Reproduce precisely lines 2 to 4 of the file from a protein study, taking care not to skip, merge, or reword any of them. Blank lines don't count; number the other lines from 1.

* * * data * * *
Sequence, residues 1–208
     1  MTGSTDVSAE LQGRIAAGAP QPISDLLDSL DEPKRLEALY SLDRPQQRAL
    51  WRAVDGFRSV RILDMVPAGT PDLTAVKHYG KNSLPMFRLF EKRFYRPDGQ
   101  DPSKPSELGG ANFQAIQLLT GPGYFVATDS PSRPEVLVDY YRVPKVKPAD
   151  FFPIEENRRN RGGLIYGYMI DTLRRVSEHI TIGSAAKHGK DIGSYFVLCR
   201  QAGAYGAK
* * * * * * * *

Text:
     1  MTGSTDVSAE LQGRIAAGAP QPISDLLDSL DEPKRLEALY SLDRPQQRAL
    51  WRAVDGFRSV RILDMVPAGT PDLTAVKHYG KNSLPMFRLF EKRFYRPDGQ
   101  DPSKPSELGG ANFQAIQLLT GPGYFVATDS PSRPEVLVDY YRVPKVKPAD